At this time, 13 years after our G&A article was published, and with crime reportedly plummeting, what are the true crime statistics?
At the outset, let's recognize that the Brits freely admit to massaging crime figures. And to be fair, we know that many police departments in many nations also fudge their crime figures. But the Brits in the last few years have raised the casual massaging of statistics to breath-taking heights.
They persist in the practice of recording one crime when a series of crimes has been committed, in order to camouflage the true number. And a sophisticated bureaucracy has emerged to help reclassify the type of crime that occurs in order to massage the statistics downward even further.
Besides these two more or less common fudge techniques, they now also have a category called “no crime” in which a reported crime can be completely removed from the statistics under certain circumstances. A September 9, 2011 article in the BBC News entitled Rape Crime Differences Revealed, explained some of the consequences of this new category of “crime”:
New figures show wide disparities in the way that police forces in England and Wales record allegations of rape. Data supplied to BBC News shows the proportion of rapes dismissed by the police as “no crime” varies between 2% and 30….While Gloucestershire Police recorded 2.4% of rapes as “no crime”, the figure for Kent was 30%, three times the rate in 2009. Surrey Police's “no crime” figure was over 20%….Lisa Longstaff, of Women against Rape, said the figures were insulting to victims.
Longstaff added: “The whole practice of ‘no criming’ does send out a terrible message and the higher the no crime figure is in each area, the worse the message it sends out.”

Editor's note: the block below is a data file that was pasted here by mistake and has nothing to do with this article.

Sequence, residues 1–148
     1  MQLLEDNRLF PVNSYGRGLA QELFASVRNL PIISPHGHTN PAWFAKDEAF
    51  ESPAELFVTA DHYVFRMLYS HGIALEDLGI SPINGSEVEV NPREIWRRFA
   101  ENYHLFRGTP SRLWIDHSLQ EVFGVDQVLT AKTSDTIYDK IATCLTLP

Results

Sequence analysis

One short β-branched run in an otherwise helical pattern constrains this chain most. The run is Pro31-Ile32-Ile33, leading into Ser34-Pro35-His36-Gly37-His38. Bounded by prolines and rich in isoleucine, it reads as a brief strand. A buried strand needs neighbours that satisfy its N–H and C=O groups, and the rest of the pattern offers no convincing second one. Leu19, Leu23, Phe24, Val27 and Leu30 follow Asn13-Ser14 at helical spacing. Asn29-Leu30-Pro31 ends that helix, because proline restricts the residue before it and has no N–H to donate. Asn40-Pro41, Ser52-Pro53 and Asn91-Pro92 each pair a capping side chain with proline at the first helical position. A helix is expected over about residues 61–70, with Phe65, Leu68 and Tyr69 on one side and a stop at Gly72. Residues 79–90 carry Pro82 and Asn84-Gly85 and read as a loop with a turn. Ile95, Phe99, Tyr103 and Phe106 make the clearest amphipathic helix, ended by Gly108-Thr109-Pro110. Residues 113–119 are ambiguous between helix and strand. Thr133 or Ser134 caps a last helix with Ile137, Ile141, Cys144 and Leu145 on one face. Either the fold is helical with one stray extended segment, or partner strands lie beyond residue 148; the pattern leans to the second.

And despite reports that all categories of crime in the U.K. are falling, we know that U.K. subjects do not believe the recent propaganda.
From Crime Statistics: An Independent Review (Nov. 2006): “The Home Secretary is concerned that public trust in the crime statistics produced by the Home Office has declined to such an extent that it is no longer possible to have a debate about alternative criminal justice policies on the basis of agreed facts about the trends in crime.”
According to an article entitled Restoring Public Trust in Crime Statistics (2009):
Crime statistics are not trusted by the public. A recent Cabinet Office review found that out of 1,502 people polled, only three people used official crime statistics for understanding what was happening with crime. Similarly, the 2007 Ipsos MORI document ‘Closing the Gap’ said: “The public is sceptical about the use of data to ‘spin’ the government’s message and believe that government simply pick and choose statistics to fit their aims or story. Politicians are one of the least trusted groups and so this scepticism is heightened if it is a politician that is using statistics to make a point.”
The report continued:
In October 2008, the Home Secretary admitted that there had been undercounting of some of the most serious violent crimes in eighteen police forces. The error was discovered when at least 18 out of 43 forces in England and Wales were asked to re-examine their figures, following the realisation that around 1,000 offences of ‘grievous bodily harm with intent’ had been recorded as ‘other violence against the person’—an offence not counted within the category of serious violent crime. When the figures were recounted using the correct classification, the official total showed an increase in serious violent crime of 22 per cent.